How you think about many immediate issues facing the country should hinge on your expectations about the future. Consider the battle shaping up this fall over the confirmation of President Barack Obama’s judicial nominees, particularly the three he has nominated to the U.S. Court of Appeals for the D.C. Circuit—Patricia Millett, Cornelia Pillard, and Robert Wilkins. Control of the D.C. Court is important in itself, but the bigger issue is the willingness of Senate Democrats to restrict use of the filibuster and revamp the ground rules in an institution that has often obstructed liberal reform.
The D.C. Court is particularly significant for national policy because it rules on federal regulations affecting labor, environmental protection, financial reform, and other key matters. Refusing to consider any of the president’s three nominees on their merits, Senate Republicans want to reduce the number of judges on the court to eliminate the three current vacancies and preserve conservative control. If Obama’s nominees are going to get a vote, Majority Leader Harry Reid will need to threaten, as he has before, to “go nuclear”—that is, to change Senate rules ending the minority’s ability to filibuster presidential nominations.
In this struggle, it’s crucial that Senate Democrats provide Reid the support he needs. Some liberal senators, however, are worried that eliminating the filibuster might give a future Republican president the ability to confirm far-right conservative nominees. Here’s where your view of the future—and the past—comes in.
Liberals, it seems to me, should be short-term pessimists and long-term optimists about the future of American politics. It’s hard to be anything but pessimistic about addressing the nation’s problems as long as right-wing Republicans are in control of the House, tying up the government in repeated crises, limiting the president’s ambitions, and blocking even initiatives such as the immigration bill that have significant bipartisan support. But the long term looks a lot more promising as a result of generational turnover and demographic changes that are eroding the Republican base, shifting the partisan and ideological balance, and eventually likely to force Republicans to move back toward the center.
If that’s right, it should sway Senate Democrats in favor of institutional reforms that will enable a future president and Congress to act more effectively and decisively. Among all the major democracies, the United States has the most sclerotic, anti-majoritarian political institutions. The filibuster is not the only source of that institutional status quo bias, but the other obstacles lie in constitutional arrangements and are nearly impossible to alter. (Of the world’s major democracies, the United States has the constitution that is the most difficult to amend.) If liberals are going to make the most of a future majority, they should want to see the filibuster restricted and ultimately eliminated.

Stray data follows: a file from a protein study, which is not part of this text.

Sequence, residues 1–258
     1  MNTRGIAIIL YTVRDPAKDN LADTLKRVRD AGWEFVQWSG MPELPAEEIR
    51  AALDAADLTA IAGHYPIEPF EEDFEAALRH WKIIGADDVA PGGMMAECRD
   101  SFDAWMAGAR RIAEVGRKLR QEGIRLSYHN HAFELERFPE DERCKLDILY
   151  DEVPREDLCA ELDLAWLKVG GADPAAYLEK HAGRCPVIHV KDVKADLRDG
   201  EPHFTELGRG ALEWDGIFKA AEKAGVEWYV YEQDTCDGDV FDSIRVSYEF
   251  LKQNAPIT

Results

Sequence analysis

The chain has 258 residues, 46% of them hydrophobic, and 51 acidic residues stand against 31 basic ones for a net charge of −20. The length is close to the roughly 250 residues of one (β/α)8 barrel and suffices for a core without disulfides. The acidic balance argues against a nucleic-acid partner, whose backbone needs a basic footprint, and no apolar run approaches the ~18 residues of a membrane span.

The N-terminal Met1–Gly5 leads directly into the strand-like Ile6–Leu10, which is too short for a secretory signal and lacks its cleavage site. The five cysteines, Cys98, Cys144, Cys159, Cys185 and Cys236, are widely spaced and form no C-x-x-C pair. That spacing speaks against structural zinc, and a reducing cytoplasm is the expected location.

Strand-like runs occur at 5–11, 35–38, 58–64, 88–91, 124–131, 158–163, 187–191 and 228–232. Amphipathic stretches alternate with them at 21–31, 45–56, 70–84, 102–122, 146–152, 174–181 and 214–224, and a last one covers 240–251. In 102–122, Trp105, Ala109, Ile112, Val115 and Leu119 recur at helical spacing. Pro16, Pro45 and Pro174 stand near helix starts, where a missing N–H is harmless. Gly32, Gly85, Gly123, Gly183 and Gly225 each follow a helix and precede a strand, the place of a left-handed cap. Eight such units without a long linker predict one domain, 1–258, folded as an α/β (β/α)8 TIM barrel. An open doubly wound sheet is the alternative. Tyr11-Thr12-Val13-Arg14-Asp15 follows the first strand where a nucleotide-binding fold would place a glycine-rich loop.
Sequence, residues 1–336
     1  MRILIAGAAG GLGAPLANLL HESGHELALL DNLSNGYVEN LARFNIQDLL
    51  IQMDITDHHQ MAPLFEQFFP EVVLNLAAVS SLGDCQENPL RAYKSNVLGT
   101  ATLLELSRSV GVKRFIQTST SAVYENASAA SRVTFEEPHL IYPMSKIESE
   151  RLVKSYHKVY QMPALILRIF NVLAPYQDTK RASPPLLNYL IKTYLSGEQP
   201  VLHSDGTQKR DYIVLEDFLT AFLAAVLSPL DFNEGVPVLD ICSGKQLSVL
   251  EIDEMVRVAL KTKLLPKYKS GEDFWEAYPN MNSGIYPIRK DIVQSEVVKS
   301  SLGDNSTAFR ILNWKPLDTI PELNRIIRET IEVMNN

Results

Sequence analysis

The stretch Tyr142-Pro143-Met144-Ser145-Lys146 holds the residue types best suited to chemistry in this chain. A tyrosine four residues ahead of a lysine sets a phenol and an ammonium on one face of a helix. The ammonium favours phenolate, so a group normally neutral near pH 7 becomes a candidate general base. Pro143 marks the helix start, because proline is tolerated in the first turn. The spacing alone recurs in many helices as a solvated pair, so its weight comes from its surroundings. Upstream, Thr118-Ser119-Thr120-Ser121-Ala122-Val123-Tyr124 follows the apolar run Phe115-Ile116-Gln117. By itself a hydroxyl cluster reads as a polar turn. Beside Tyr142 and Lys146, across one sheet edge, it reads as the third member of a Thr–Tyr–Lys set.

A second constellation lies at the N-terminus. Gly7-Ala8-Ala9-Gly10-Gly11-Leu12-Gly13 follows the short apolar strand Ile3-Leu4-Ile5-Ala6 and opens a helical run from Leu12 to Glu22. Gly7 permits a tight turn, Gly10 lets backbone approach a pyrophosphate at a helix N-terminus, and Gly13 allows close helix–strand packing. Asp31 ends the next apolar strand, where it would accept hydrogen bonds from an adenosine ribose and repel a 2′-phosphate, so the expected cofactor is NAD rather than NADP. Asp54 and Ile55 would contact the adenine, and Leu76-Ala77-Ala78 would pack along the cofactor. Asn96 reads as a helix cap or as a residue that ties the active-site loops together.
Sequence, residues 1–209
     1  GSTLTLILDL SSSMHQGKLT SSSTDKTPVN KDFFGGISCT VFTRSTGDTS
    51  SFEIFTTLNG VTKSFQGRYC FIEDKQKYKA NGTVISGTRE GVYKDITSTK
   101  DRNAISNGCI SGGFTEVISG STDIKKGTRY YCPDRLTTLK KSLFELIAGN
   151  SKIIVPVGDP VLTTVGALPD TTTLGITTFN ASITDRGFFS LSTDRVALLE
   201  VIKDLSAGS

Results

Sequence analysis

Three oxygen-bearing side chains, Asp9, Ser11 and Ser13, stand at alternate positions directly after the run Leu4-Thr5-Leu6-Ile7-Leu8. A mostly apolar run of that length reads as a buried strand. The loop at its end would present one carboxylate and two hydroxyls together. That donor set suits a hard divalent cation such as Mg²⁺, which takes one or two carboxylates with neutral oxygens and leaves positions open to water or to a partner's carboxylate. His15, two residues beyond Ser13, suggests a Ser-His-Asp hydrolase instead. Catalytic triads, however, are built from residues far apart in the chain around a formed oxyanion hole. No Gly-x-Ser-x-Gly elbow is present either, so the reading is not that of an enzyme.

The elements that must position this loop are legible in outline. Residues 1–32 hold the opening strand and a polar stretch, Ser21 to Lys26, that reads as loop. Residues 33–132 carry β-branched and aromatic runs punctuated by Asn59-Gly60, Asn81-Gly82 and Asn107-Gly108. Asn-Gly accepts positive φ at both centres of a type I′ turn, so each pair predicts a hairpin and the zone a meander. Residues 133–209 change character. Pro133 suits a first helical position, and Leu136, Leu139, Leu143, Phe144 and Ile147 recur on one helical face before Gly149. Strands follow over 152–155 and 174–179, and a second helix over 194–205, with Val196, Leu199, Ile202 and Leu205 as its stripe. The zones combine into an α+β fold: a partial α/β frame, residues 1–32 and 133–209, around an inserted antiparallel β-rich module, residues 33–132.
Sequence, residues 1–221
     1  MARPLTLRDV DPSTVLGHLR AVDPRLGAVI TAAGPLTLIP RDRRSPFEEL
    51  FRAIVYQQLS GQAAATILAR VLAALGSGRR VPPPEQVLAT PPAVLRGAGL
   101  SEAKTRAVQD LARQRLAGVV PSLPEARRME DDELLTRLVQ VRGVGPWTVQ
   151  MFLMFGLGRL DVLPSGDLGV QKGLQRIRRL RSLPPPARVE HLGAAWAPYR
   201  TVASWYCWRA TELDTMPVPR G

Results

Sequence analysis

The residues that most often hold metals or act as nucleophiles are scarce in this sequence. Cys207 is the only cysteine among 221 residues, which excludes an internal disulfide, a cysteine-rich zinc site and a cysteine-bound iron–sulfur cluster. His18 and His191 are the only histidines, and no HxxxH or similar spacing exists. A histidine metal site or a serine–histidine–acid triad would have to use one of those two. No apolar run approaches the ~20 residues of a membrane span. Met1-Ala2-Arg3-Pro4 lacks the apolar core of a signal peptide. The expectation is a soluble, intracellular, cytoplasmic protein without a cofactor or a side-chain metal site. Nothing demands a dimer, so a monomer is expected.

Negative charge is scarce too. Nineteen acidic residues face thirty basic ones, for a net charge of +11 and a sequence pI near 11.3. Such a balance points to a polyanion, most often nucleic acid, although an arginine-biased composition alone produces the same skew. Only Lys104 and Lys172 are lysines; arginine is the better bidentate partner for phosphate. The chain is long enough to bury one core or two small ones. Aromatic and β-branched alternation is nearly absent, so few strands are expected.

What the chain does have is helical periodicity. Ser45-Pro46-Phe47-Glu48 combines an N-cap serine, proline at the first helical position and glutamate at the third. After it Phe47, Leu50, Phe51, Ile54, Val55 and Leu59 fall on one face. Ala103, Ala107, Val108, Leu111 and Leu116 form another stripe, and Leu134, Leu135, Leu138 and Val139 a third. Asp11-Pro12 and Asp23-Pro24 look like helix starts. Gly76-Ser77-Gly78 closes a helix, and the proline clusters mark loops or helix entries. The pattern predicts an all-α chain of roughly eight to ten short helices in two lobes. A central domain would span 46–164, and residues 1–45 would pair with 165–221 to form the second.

The filibuster has been far more of an obstacle to Democratic presidents and Senate majorities than to their Republican counterparts. The Democrats have for some time been the more ideologically diverse party. As a result, Republican presidents have often been able to obtain enough support from conservatives and centrists in the Democratic caucus to reach the 60-vote threshold in the Senate, whereas Democratic presidents have found it far more difficult to obtain votes they need from the dwindling number of Republicans willing to work with them. These differences then affect the ideological character of each party’s choices for the bench. In recent decades, Republican presidents have had stalwart conservative nominees confirmed, but Democratic presidents have not even tried to nominate equally stalwart liberals, and the judicial center has moved to the right.
Breaking the filibuster on judicial nominations alone is therefore crucial for unlocking the long-term political potential that liberals have, thanks to demographic and generational change. But that should just be the first step in doing away with the filibuster. If Democrats had been willing to eliminate it at the beginning of 2009, Obama’s election might have ushered in an era of historic reform; instead, legislation was deeply compromised in the effort to obtain 60 votes, and the Senate became the graveyard for important measures such as climate legislation.
Unblocking the Senate on the grounds that long-term trends favor liberals is a calculated risk. The long term may be a long time in coming. In 2014, Republicans may well win a majority in the Senate as well as the House; and two years later, they have at least a 50-50 chance of electing a president, which could give them control of all branches of the federal government. With that possibility in mind, some Democrats may want to preserve the filibuster, which would be their only remaining point of leverage at the federal level.
But that would be shortsighted; historically, the filibuster has hurt Democrats far more than it has helped them. Instead of perpetuating the minority’s ability to obstruct, the Senate’s Democrats should think mainly about laying the groundwork for a new era of reform. The cards are likely to come their way; the big question is how they are going to play their hand.